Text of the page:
Rating: 9 out of 10, The more i think about it the more I love it and want to call it S tier!
Summary: A middle school music teacher finally gets his big break when he suddenly dies. He then embarks on an adventure with an unborn soul that will take him across plains of existence.
A Pixar movie is always a special occasion for moviegoers. Pixar’s (mostly) stellar track record and their willingness to tell unorthodox stories have made them the pinnacle of Western animation, which sometimes works to their detriment when a film falls short. When you have become the golden goose, it stands out even if there is a slight flaw in one of your eggs. While their latest feature is both inspiring and technically gorgeous, Soul has a few blemishes that I feel can’t be overlooked.
Water is wet, the sky is blue, and Pixar makes gorgeous animated movies. With each film, Pixar steps up their rendering, use of color, cinematography, and even replicating camera effects in CG. This film also utilizes hand-drawn elements and abstract visual design to differentiate the great beyond versus the land of the living. The standout visual choices for me were the character designs of the living characters. I appreciate that instead of leaning into realism the film took a page from The Incredibles and instead relied on caricature. The designs feel authentically human but are hyper-stylized and emphasized unique facial features. On the other hand, I felt like the souls themselves lacked a certain something and felt too marketable, like some Disney exec wanted another overpriced plushie to sell at the Disney Store. However, that is just a personal nitpick, it works for the film so it isn’t a knock against it by any means, but I was much more visual invested watching the living segments. Soul is a damn visual feast and it’s a shame that we couldn’t enjoy it in theatres.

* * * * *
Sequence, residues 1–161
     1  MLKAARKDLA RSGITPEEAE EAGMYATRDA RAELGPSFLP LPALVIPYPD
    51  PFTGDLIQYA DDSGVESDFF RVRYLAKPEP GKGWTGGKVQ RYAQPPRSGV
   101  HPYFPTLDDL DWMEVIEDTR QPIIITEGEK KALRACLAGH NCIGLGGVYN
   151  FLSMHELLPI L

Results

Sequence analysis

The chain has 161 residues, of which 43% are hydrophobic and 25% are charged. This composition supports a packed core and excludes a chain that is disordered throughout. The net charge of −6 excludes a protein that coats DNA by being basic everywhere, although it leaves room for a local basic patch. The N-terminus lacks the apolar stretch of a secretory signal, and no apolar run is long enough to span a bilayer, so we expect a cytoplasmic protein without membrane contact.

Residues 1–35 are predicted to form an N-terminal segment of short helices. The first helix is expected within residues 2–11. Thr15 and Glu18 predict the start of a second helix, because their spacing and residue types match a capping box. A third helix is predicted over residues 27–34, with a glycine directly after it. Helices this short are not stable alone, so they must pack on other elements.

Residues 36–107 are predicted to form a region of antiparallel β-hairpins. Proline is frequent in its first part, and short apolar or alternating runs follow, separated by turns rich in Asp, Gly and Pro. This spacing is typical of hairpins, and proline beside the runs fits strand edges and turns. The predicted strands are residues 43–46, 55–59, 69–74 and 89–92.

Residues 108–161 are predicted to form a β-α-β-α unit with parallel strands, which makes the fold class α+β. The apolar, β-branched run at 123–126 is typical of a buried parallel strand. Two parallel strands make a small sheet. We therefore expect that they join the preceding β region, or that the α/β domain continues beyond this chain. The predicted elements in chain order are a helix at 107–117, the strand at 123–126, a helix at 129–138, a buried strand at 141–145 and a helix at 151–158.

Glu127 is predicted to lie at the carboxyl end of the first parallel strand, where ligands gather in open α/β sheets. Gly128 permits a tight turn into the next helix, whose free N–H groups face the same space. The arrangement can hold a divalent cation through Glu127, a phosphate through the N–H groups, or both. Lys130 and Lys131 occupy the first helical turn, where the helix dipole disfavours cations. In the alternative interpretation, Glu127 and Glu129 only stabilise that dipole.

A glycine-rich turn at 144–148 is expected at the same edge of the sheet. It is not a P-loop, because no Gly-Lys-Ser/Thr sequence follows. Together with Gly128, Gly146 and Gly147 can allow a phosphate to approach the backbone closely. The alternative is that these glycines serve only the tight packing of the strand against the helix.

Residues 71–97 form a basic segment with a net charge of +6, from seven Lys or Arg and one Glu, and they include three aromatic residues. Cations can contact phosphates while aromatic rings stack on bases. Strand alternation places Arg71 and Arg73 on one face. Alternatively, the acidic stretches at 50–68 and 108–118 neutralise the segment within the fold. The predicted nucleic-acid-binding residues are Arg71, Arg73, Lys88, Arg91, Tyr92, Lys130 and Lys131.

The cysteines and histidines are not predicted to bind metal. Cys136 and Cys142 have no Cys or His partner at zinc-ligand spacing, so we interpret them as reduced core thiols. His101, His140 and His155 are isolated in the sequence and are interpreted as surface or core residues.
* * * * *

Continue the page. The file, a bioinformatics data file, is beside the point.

The score served its purpose, but wasn’t too memorable for me in hindsight. Pixar has a history of memorable scores and themes, it’s a shame that the movie that is so tied to music didn;t have a score that stuck. It certainly had a nice contrast between Reznor and Ross’ more experimental sound and John Batiste’s jazz arrangements. Forgive me, my knowledge in music is pretty basic.